The automatic transmission was finally mended just after we entered China. 

I have to say, driving through China was an experience of a lifetime all of its own. 

Whereas we were able to see some remote villages that still take you back in time, most places look so modern that it’s hard to believe how poor this country was just a few decades ago. Over the last 20-30 years, the country underwent an incredible amount of development, which is why the cities are so futuristic looking and everything looks vibrant. 

We loved meeting the villagers in the Chinese countryside because they were welcoming, kind and even offered to cook some mouth-watering dinners for us. 

How The Trip Changed The Way We Want To Travel In The Future

Our trip took 6 months, but it’s hard to find words to describe the memories and experiences it offered. We will carry those with us forever.

Through overlanding, you don’t only get to travel in a unique way, but you can also connect with people in a completely different way than other forms of travel. You can meet and help some individuals who live in the remotest areas of the planet, far away from tourist routes.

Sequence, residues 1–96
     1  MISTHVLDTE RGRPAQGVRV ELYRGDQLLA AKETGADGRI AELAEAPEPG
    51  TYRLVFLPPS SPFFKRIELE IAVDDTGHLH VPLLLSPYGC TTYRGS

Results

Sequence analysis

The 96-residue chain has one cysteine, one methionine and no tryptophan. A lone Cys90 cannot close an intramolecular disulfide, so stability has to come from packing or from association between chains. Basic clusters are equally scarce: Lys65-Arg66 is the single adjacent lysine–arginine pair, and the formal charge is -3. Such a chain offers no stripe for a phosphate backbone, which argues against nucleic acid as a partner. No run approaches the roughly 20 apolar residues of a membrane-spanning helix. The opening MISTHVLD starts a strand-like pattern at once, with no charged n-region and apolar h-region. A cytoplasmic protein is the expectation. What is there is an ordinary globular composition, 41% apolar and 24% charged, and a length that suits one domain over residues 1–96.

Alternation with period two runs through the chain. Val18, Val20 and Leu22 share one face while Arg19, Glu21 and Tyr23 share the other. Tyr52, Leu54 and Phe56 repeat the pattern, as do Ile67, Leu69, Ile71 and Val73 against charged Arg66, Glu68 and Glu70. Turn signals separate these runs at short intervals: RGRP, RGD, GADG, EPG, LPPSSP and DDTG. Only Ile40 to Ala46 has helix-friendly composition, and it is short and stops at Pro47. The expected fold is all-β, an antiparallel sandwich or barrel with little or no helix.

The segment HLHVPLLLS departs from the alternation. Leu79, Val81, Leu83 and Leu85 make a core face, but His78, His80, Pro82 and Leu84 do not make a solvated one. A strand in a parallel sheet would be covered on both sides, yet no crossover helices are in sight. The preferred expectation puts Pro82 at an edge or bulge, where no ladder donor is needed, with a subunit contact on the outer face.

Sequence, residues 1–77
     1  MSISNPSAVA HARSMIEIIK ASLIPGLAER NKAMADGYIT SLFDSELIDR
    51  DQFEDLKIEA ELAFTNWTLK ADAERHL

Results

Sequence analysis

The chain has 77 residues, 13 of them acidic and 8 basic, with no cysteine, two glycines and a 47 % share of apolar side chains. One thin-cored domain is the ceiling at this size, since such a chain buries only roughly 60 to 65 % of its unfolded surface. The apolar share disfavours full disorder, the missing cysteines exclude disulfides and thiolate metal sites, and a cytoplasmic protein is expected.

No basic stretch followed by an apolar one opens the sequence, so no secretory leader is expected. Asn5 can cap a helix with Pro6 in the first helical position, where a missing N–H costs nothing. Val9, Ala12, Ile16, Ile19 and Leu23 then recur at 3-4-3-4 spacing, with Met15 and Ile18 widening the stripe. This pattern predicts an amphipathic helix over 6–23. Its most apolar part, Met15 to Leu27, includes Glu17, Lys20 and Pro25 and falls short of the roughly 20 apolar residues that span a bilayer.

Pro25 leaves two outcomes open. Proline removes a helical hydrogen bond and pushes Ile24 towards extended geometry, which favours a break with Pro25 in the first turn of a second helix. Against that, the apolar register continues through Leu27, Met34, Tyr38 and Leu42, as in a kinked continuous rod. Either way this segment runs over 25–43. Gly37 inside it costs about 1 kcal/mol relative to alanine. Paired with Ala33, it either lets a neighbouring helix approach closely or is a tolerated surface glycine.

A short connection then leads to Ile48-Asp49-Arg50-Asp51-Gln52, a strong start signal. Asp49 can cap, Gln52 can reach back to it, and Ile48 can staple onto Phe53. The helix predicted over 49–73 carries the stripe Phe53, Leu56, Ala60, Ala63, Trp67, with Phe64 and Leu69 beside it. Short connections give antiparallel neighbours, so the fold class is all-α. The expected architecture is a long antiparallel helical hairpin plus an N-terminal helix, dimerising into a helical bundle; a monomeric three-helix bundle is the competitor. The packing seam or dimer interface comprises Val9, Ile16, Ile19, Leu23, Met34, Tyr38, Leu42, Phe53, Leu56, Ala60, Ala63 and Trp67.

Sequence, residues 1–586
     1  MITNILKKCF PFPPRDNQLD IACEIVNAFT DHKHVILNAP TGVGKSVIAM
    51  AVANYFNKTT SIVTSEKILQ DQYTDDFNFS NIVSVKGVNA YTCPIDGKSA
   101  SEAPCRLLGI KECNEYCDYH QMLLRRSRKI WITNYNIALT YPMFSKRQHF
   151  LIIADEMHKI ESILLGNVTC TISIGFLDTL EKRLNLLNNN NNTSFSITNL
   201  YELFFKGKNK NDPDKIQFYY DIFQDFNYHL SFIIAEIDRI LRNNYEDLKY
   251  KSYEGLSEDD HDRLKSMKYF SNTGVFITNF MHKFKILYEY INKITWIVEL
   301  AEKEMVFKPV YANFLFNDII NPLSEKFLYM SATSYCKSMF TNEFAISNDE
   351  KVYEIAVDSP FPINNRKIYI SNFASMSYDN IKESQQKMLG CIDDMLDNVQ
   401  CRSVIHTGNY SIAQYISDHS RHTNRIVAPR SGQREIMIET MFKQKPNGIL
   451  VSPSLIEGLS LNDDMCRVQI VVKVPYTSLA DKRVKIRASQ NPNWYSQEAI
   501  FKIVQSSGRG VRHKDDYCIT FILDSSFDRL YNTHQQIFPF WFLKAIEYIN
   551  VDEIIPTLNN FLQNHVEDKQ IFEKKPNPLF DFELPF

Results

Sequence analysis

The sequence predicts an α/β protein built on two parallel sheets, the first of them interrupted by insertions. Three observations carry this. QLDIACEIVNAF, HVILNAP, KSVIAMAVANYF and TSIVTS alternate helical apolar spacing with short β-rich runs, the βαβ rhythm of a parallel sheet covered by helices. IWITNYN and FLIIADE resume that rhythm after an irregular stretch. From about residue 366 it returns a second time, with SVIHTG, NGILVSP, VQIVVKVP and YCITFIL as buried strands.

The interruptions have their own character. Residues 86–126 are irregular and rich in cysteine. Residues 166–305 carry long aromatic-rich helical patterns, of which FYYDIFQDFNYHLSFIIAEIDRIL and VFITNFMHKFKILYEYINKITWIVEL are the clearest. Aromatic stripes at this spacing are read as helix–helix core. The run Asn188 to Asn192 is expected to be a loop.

We are now making plans for our next overlanding adventure. We plan to buy a van to replace our current Land Cruiser. It has to be an off-road-capable one, though, as we can’t afford to miss some of the best places in the world. With a van, we’d be able to enjoy the overlanding experience while being able to deal with extreme weather, if we need to.

We hope to complete the Pan-American Highway in the future. It is our dream. But until then, we want to discover more about Europe and see what it has to offer. We’ve already visited most European countries, but we feel like we haven’t really seen it until we criss-cross it as overlanders.

Ferenc & Evelin own OverlandSite.com, exiting the corporate rat race and now traveling fulltime in their 120-series Toyota Land Cruiser. Interesting in learning more about Overlanding basics? Follow their adventures on their site!